A sudden jump in your water bill is alarming. Even more alarming? Not knowing where all of that water is going. Damage from slab leaks is expensive, often causing a disruption to your operations during recovery and repair. Your best defense is to detect a slab leak before it causes damage.
Out of sight, a slab leak occurs in the plumbing in your building’s foundation. Shifting foundations are often the cause. You find this in places like in Texas, where clay soil causes shifts that damage both foundations and the pipes underneath and through them.
Proactively detecting slab leaks will save you frustration and money
Four signs you have a slab leak:
- Your water bills have increased dramatically.
- You notice wet spots in flooring.
- You can hear running water when no water should be running.
- You notice physical shifts to the building, such as cracks in walls, which often come from breaks in the slab.
If you detect these signs, some damage may have already occurred, but acting fast can stem the damage and water loss. A better, more proactive solution is a flow monitoring solution that tells you there is an issue before the usual indicators do.
Confirming the Leak
If you suspect a slab leak, investigate further by isolating and evaluating the various water systems on your property. Bring a friend or colleague and have them monitor the water meter while you do this.
- First, if possible, turn off all running water on the property and see if your meter is still moving. If it is, you have a leak. If your property is too large to turn off all running water, then it’s a good idea to proceed to the next step.
- Your next task is to determine where the leak is located or immediately call a professional to do so for you.
- If you’re going to explore on your own, the first system to check is the mainline water supply to the property. Turn that system off. If the water meter stops moving, then you know that the leak is not on your mainline between the street and your building.
- Next, determine where the shutoffs are located for your irrigation system and other water systems. Turn the mainline back on, and one at a time shut off water to each of your water systems. The meter will keep moving until you shut off the one with the leak. If you shut off a system and the meter stops moving, you have found the system that is leaking.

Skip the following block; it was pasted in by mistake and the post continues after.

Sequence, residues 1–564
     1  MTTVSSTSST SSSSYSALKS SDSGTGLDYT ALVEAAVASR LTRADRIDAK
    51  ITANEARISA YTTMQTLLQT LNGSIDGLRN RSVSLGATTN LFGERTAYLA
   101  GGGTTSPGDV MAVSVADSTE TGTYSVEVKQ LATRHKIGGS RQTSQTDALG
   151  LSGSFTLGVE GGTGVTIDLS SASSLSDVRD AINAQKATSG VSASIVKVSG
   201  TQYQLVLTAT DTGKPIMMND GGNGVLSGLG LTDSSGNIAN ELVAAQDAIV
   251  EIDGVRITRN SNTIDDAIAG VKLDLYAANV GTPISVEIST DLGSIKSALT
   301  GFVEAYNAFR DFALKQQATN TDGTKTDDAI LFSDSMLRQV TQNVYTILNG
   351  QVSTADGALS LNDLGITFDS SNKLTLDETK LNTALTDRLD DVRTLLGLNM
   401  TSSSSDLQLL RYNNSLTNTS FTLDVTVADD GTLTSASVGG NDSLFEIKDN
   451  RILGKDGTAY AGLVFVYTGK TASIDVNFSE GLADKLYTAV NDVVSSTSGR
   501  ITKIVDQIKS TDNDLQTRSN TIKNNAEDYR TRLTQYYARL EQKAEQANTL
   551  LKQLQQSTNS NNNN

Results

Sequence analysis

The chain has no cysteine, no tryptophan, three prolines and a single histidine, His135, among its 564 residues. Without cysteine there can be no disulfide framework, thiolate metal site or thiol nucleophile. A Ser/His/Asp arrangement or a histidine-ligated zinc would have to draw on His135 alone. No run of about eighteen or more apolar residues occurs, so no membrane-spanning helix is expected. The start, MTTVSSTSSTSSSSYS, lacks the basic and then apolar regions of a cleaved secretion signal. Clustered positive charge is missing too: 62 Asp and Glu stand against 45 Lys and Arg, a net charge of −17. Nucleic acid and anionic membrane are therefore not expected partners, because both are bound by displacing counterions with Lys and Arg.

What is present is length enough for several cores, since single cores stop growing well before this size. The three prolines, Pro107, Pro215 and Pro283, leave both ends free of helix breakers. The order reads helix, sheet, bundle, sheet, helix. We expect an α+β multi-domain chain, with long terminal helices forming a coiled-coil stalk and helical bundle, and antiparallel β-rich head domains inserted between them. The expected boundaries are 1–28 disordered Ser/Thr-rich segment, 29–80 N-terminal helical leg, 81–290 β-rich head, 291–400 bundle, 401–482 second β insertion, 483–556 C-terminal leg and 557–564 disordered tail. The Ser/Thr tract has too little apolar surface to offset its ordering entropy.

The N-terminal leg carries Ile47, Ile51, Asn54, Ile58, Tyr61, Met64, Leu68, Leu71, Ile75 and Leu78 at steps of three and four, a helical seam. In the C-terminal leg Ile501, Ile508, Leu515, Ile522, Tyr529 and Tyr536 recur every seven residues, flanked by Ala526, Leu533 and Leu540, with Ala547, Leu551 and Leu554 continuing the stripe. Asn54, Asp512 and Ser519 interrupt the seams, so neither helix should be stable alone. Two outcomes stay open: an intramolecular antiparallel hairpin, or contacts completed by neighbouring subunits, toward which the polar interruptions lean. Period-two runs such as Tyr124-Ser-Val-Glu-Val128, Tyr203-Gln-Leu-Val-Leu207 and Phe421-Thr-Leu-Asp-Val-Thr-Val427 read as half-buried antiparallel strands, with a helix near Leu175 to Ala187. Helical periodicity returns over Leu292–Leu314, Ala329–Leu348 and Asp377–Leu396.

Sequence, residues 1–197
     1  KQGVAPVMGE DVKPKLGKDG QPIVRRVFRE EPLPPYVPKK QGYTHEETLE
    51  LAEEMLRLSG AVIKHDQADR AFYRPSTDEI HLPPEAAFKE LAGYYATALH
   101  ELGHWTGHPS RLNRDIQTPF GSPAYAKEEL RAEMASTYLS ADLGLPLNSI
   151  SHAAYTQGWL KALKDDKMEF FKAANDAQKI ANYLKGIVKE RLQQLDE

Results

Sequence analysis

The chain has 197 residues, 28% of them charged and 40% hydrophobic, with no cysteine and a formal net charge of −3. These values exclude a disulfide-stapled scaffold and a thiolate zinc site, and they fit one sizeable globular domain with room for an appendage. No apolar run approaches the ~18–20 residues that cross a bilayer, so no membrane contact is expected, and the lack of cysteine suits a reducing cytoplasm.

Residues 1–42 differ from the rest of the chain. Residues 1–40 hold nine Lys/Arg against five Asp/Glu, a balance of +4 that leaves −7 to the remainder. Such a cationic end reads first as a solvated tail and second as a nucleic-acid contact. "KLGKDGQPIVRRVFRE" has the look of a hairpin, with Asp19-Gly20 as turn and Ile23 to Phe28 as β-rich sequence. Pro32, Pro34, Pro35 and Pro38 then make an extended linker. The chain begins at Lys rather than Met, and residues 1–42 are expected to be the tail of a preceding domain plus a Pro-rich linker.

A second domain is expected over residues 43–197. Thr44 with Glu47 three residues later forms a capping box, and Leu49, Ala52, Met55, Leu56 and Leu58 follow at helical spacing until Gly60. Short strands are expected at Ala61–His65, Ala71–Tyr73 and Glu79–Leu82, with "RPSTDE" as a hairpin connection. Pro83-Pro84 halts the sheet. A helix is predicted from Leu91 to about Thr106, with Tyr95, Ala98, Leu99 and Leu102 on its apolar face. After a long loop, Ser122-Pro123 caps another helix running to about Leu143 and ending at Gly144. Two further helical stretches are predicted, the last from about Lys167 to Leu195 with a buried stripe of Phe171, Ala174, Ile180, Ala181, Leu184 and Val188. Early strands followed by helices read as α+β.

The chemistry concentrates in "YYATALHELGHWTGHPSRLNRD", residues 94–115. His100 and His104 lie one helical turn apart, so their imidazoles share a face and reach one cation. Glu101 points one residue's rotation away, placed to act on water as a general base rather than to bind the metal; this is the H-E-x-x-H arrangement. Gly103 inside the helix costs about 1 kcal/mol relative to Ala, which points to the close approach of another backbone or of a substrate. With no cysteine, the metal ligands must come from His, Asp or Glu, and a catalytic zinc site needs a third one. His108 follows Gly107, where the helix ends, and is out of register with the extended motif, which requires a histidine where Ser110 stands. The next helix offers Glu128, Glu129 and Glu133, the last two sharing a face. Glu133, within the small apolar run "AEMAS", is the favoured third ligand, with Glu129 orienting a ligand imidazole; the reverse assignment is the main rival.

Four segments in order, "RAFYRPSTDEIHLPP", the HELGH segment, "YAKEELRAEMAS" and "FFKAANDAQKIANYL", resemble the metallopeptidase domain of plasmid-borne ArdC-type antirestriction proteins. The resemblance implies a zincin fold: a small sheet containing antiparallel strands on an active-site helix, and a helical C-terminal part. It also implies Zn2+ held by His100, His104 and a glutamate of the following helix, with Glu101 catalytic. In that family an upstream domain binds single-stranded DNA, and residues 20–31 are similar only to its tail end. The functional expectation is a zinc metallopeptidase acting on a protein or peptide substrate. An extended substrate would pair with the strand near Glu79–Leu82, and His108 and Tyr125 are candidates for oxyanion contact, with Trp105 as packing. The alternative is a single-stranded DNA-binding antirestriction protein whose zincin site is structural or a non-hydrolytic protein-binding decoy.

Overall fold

- For large properties, this may involve cutting off water to various buildings or areas of the property in order to find the leak. Talk to your maintenance manager to be sure that you’re testing the right systems and haven’t missed any.
When you find the leak, by all means, keep the water shut off in that area and call a professional. Pinpointing the exact location can often be done without tearing apart your property. Modern electronic amplification equipment and electromagnetic pipeline locators help identify a leak location before you start taking apart flooring or pools.
If expensive remediation is prescribed, you might want to get a second opinion. It may cost a little more to have several professionals out, but if someone needs to go through the foundation of your building, it’s a good idea to find the least invasive option possible.
Some repair options are more invasive than others. The best solution may depend on your circumstances, but here is an overview of your options:
- Spot Repair – Find the location of the leak, open the slab at that spot and repair the pipe at that spot. If you have a generally newer system where the leak is an isolated event, this can be effective.
- Pipe Coating (Epoxy) – At times, a water system will have a number of small leaks. In that case, it may make sense to apply epoxy coating through the inside of a pipe.
- Re-Routing – A new pipe is run through a different area in the building (sometimes through ceilings or walls) to replace the one that is leaking under the foundation. This can be a long-term solution but is often very disruptive depending on where the new pipe needs to be run.
- Re-piping – For older systems where more leaks are likely to occur, this is the option that will probably make the most sense long-term. This means replacing the entire line that was leaking. It may mean more digging and slab repair than you had hoped for, but may be your best chance of avoiding future leaks.
Property damage and disruption are the unfortunate cost of slab leaks. Pain upon pain, some insurance policies don’t cover the full cost of recovery. Check your system regularly to catch a leak sooner than checking your water bills. Lightweight monthly tests such as checking your water meter for increased activity can tip you off before you would otherwise see evidence of a leak.
Want to make real change? Install a flow-monitoring system with regular or real-time reporting. Save money by detecting leaks weeks or months before you would have located it otherwise. Proactive monitoring is the best way to quickly detect and curb slab leak damage on your property.